Latinas make history again.
The Met Museum has chosen 42-year-old Mexican architect Frida Escobedo to design its new $500 million modern and contemporary art wing, the museum announced in a press release.
The appointment marks a milestone in history, with Escobedo being one of the youngest architects to be commissioned for the task and the first woman ever to design a wing in the historic institution.
“I like challenges,” she said in a telephone interview from her home in Mexico City with The New York Times. “One of the dream commissions for any architect is to design an institution with the importance and relevance of the Met.”
Born in 1979, Frida Escobedo studied architecture at the Universidad Iberoamericana and earned a master’s degree in Art, Design, and the Public Domain from the Harvard Graduate School of Design.
Escobedo founded her own architecture and design studio in 2006 in Mexico City and is known for creating temporary and interactive works within an overall theme of time rather than a historical context.
She has been a professor at the Universidad Iberoamericana since 2007 and taught at Columbia University’s Graduate School of Architecture, Planning, and Preservation, Harvard Graduate School of Design, and the London Architectural Association School of Architecture.
In 2018, Frida Escobedo became the youngest architect to work on the Serpentine Pavilion, her design being chosen by the Serpentine Gallery’s artistic director, Hans Ulrich Obrist.
Her other notable projects include the expansion of La Tallera Siqueiros in Cuernavaca (2012), Mexico, a museum, workshop, and artist’s residence that was the home and studio of muralist David Alfaro Siqueiros. She also designed the renovation of the Boca Chica Hotel (2008), a popular destination for Hollywood celebrities in the 1950s, and the El Eco Pavilion (2010), a site-specific installation designed for the El Eco Experimental Museum.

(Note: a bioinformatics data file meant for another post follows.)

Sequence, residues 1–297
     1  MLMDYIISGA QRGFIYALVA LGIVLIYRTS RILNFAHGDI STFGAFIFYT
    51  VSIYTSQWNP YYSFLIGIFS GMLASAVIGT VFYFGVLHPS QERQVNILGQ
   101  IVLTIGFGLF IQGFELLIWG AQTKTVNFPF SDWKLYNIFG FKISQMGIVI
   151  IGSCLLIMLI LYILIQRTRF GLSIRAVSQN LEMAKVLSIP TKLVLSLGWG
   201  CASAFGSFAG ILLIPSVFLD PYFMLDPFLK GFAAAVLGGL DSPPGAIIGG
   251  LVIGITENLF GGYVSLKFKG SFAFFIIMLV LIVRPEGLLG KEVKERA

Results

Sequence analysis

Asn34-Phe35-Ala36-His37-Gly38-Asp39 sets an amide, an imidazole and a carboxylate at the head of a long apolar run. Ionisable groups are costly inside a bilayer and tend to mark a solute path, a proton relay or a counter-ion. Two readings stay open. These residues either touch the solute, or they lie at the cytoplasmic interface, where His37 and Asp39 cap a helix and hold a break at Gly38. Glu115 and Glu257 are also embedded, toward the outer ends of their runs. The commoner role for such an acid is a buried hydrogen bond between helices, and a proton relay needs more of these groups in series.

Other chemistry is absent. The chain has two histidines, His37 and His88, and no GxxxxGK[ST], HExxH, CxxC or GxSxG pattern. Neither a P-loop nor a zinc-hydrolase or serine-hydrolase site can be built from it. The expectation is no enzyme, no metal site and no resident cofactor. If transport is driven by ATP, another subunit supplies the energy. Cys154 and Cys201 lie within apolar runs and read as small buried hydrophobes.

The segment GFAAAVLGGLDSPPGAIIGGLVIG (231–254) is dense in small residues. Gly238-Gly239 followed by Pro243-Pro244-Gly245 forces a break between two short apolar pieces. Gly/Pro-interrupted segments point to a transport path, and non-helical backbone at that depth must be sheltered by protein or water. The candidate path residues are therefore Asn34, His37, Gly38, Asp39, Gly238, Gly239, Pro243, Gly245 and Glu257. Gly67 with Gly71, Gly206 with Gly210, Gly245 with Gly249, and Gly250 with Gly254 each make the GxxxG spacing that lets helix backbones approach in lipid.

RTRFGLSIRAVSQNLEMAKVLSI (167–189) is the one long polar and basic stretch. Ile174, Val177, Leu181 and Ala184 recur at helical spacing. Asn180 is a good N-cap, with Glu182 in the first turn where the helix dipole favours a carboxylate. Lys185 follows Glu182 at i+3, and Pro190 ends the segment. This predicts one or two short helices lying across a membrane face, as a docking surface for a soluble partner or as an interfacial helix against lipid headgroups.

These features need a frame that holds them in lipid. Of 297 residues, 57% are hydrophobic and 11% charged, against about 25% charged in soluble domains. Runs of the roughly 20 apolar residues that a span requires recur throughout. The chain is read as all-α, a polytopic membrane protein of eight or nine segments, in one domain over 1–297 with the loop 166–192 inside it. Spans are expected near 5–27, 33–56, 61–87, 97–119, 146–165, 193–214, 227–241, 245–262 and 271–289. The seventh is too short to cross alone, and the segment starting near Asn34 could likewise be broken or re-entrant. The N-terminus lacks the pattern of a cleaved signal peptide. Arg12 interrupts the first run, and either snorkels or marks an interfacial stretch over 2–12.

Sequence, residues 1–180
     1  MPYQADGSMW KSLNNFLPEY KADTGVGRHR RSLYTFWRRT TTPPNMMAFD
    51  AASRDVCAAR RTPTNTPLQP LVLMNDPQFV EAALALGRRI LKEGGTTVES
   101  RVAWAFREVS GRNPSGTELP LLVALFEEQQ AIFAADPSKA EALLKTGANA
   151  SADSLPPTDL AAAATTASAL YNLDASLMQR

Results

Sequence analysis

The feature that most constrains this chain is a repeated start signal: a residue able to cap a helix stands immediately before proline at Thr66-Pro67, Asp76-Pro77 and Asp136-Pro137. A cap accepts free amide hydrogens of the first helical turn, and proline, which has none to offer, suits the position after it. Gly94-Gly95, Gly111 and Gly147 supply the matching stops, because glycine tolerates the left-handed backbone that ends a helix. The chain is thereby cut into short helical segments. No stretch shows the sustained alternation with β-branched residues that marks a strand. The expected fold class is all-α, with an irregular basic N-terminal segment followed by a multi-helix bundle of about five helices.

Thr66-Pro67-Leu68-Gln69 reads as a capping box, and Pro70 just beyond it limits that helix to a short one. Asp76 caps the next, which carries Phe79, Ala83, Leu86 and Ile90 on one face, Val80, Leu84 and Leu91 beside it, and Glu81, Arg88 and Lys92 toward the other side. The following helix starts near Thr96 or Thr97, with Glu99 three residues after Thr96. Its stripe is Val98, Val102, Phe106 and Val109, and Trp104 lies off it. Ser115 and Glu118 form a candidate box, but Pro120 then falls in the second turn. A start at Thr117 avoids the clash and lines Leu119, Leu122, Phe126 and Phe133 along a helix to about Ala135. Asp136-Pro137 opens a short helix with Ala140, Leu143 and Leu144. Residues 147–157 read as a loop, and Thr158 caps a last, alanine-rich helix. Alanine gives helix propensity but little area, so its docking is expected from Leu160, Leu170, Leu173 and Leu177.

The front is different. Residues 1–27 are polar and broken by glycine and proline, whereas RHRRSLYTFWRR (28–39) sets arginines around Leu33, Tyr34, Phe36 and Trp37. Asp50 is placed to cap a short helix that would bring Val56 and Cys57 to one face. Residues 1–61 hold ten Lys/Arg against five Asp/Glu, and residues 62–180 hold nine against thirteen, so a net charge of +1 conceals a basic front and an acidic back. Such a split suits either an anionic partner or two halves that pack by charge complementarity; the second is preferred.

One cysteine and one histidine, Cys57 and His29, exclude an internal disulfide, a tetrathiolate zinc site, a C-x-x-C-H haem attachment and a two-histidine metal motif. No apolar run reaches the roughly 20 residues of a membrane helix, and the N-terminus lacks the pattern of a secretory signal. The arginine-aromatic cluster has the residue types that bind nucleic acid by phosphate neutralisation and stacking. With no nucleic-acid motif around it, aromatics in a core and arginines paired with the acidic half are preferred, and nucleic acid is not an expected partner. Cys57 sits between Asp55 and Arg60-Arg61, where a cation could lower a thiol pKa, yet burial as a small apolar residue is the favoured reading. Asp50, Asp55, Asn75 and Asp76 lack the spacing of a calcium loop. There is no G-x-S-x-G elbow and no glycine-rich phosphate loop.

Now, her design for the Met will be her largest cultural project to date.
As she told the Times, the young architect does not yet have a design in mind. However, she did say that it was “important for it to connect to the rest of the museum, to connect with the park, to connect with the city and also to represent the cultural diversity of New York.”
While Escobedo’s appointment is a significant accomplishment for women of color, the museum’s president and CEO, Daniel H. Weiss, told the Times that this did not influence the decision.
“It’s great that she brings diversity,” he said, “but that wasn’t a criterion in the choice.”
Weiss added that Escobedo was the right person to design “a signature building that speaks to the art of our time” and that he expected the project to be completed in about seven years.